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Rebalancing Waste Management Governance in Cities with Informal Systems: Engaging Local Stakeholders and Academics through Transdisciplinary Research

The recent LIRA 2030 Africa reports highlight the impressive efforts of 28 research leaders in driving sustainable development across African cities. One particular project titled "Cleaning from the bottom up" showcases the use of inclusive stakeholder participation in integrated waste management in Accra (Ghana) and Lagos (Nigeria).

This blog is part of the ISC LIRA TD Blog Series.

The LIRA project “Cleaning from the bottom up” was led for two years (2019-2021) by Temilade Sesan at the University of Ibadan, Nigeria. The project contributed to SDG 11 on “sustainable cities and communities” by embracing the ambition to reunite informal and formal governance structures for waste management in Accra and Lagos, towards the realization of an integrated and sustainable approach. The existing practices of waste management pose formidable environmental challenges to citizens in both cities and even lead to conflicts between citizens and public institutions, resulting in a disinterest from institutions to resolve the waste management challenges in poorer neighbourhoods.   

In this context, transdisciplinary (TD) research was examined as a powerful tool that can effectively bring together two key parties involved in waste management: informal actors leading local waste management, and public institutions responsible for its governance.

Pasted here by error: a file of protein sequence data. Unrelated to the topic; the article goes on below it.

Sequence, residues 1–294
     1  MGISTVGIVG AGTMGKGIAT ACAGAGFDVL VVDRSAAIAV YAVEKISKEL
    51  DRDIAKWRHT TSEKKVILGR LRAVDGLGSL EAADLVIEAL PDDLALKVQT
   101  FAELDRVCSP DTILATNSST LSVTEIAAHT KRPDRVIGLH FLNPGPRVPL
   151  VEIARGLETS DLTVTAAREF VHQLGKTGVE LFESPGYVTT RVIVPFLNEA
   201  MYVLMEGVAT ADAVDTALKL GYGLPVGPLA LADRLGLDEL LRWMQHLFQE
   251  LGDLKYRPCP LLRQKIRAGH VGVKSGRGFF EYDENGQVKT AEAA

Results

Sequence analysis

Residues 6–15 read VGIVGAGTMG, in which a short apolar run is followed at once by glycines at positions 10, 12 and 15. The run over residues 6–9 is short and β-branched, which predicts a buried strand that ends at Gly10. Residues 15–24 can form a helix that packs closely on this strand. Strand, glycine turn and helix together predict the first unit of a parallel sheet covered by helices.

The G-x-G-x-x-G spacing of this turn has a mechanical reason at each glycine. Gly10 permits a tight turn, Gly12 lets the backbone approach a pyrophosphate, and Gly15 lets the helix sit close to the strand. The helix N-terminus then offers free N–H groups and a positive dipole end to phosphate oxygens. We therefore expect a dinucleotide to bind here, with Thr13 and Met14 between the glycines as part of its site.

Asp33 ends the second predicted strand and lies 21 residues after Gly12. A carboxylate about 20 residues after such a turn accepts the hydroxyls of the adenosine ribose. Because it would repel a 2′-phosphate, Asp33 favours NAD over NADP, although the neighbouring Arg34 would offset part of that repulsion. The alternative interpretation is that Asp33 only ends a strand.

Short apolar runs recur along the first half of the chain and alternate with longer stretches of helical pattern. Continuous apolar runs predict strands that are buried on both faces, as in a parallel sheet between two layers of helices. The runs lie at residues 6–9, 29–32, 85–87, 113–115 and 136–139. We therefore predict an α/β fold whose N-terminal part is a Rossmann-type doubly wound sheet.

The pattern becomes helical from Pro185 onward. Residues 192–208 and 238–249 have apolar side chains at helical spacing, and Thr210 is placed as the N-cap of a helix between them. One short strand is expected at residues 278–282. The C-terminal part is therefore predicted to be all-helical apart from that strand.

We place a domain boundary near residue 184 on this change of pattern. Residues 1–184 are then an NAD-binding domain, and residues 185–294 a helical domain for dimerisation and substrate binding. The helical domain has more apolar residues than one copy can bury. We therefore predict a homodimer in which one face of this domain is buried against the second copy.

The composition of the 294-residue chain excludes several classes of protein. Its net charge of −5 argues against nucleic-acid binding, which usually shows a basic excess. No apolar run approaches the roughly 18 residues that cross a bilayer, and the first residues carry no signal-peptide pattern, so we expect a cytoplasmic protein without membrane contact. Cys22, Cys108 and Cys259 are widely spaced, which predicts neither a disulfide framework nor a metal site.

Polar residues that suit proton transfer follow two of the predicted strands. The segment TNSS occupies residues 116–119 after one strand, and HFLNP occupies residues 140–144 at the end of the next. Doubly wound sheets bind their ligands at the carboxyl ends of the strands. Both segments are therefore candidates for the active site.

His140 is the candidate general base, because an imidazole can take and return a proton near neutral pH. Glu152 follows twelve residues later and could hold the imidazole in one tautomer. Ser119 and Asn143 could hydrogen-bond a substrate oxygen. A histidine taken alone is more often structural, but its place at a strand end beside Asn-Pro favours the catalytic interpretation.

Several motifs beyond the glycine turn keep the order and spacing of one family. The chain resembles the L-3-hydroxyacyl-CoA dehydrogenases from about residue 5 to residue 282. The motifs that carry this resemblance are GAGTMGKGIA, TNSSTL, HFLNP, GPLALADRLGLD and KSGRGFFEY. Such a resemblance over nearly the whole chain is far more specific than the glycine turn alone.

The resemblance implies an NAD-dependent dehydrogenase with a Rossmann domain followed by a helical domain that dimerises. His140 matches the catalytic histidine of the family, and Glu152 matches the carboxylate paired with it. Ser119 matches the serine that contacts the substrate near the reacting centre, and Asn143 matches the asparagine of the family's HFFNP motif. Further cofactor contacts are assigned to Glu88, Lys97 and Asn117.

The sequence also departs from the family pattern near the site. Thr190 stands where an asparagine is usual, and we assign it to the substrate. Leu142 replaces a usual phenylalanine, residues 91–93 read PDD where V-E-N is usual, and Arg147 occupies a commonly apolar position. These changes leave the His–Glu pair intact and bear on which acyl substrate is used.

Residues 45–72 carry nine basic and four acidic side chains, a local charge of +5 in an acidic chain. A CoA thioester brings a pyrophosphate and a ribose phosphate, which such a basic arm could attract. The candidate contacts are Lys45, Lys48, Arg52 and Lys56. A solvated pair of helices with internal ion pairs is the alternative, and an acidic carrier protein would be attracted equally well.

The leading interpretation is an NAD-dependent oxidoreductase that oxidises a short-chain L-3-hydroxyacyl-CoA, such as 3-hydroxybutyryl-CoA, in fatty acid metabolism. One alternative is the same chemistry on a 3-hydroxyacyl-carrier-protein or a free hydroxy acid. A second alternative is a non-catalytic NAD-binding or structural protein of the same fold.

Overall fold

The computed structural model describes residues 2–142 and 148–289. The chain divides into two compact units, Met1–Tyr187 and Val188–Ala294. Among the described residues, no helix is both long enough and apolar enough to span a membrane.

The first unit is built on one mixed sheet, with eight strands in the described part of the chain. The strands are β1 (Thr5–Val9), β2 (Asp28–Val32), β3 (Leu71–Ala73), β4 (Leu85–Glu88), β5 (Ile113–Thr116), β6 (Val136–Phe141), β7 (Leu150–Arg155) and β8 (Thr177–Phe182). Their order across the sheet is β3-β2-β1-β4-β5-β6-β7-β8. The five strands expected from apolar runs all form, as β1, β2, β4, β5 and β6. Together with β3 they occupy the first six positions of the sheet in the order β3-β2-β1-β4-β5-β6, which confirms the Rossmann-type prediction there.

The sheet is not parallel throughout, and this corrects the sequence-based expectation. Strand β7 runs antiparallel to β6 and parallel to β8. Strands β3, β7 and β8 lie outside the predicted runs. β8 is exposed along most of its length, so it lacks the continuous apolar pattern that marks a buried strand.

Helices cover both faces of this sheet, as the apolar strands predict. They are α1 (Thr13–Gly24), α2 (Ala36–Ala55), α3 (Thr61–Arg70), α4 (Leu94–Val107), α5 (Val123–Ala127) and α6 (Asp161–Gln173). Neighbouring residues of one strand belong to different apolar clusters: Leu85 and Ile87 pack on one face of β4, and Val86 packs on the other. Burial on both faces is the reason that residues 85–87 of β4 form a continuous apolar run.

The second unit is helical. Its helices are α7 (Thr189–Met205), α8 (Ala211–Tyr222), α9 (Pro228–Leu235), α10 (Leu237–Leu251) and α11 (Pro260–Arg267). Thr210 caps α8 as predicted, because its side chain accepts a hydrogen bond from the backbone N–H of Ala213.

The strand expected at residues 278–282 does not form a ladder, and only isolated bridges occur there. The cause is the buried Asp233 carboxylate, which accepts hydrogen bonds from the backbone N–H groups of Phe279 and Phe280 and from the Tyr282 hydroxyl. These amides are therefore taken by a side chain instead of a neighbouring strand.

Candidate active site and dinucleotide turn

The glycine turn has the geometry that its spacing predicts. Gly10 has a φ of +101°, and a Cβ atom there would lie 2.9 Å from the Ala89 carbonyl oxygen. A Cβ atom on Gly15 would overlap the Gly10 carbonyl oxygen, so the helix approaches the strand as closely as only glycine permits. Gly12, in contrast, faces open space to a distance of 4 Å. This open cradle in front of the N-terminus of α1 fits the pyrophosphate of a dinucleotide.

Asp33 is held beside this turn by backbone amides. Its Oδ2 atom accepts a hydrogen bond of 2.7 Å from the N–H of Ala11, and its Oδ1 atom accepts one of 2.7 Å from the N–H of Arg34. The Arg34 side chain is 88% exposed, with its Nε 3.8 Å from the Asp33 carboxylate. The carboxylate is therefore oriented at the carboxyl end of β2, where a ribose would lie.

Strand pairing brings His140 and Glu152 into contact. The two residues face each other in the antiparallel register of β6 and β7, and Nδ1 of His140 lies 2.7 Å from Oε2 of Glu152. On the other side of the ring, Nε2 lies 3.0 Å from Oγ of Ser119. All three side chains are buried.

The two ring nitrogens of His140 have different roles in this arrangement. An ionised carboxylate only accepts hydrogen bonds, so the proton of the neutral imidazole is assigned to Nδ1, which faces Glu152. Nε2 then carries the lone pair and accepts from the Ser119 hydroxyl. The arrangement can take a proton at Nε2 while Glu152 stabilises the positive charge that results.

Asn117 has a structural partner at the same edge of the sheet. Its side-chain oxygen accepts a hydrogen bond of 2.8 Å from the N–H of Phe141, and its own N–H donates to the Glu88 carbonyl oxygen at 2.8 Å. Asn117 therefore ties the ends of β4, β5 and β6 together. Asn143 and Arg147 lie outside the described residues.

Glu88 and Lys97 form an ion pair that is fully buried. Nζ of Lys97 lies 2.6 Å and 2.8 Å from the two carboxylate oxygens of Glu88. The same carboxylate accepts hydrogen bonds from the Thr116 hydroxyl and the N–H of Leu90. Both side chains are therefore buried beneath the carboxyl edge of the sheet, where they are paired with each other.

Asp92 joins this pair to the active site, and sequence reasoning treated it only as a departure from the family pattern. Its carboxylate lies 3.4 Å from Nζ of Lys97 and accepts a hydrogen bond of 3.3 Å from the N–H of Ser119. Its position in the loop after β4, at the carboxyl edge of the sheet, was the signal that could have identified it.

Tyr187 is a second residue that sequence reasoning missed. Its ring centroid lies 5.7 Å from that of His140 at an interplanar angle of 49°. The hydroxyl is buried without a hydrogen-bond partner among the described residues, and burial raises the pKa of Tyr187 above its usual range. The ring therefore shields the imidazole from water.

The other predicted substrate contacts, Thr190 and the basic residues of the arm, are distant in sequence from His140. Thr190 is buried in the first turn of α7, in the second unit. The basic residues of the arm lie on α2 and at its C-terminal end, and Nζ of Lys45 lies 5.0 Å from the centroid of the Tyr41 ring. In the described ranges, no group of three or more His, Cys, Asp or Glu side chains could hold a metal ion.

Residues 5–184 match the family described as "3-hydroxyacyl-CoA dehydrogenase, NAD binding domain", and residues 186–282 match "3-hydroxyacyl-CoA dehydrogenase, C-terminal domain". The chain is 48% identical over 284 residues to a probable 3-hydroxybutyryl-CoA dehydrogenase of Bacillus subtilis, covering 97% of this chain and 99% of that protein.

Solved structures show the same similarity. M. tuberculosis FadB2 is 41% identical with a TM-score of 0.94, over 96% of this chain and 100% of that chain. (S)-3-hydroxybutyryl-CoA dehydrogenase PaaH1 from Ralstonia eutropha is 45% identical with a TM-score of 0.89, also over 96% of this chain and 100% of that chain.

“We chose Lagos and Accra for different but complementary reasons: Lagos is by far the largest city in Africa, with over 20 million people; while Accra, though comparatively small, has been named the fastest-growing city in the region. We were interested in addressing the waste management problems that accompany the growth and dynamism of both cities, and to see what lessons might be transferable from one context to the other.”  

Temilade Sesan

Prior to the LIRA project, both the principal investigators (PI) and Co-PI had worked with other academics, informal actors, and civil society actors to promote waste-to-wealth initiatives at the community level. The proposal submitted to LIRA was based on the knowledge and networks the researchers built from those previous projects. Although informal actors in these cities have demonstrated a capacity to develop decentralized systems for waste management over time, they have been unable to access the technical and policy support they need to maximize their contribution to the value chain. By improving the governance of community-based waste management initiatives and facilitating in-depth engagement between formal and informal actors in the sector, the project helped to establish multi-scalar connections upon which further collaboration and action can be built. However, TD research was new to main actors, and apprehending it and putting it in place throughout the project appeared challenging and time-consuming.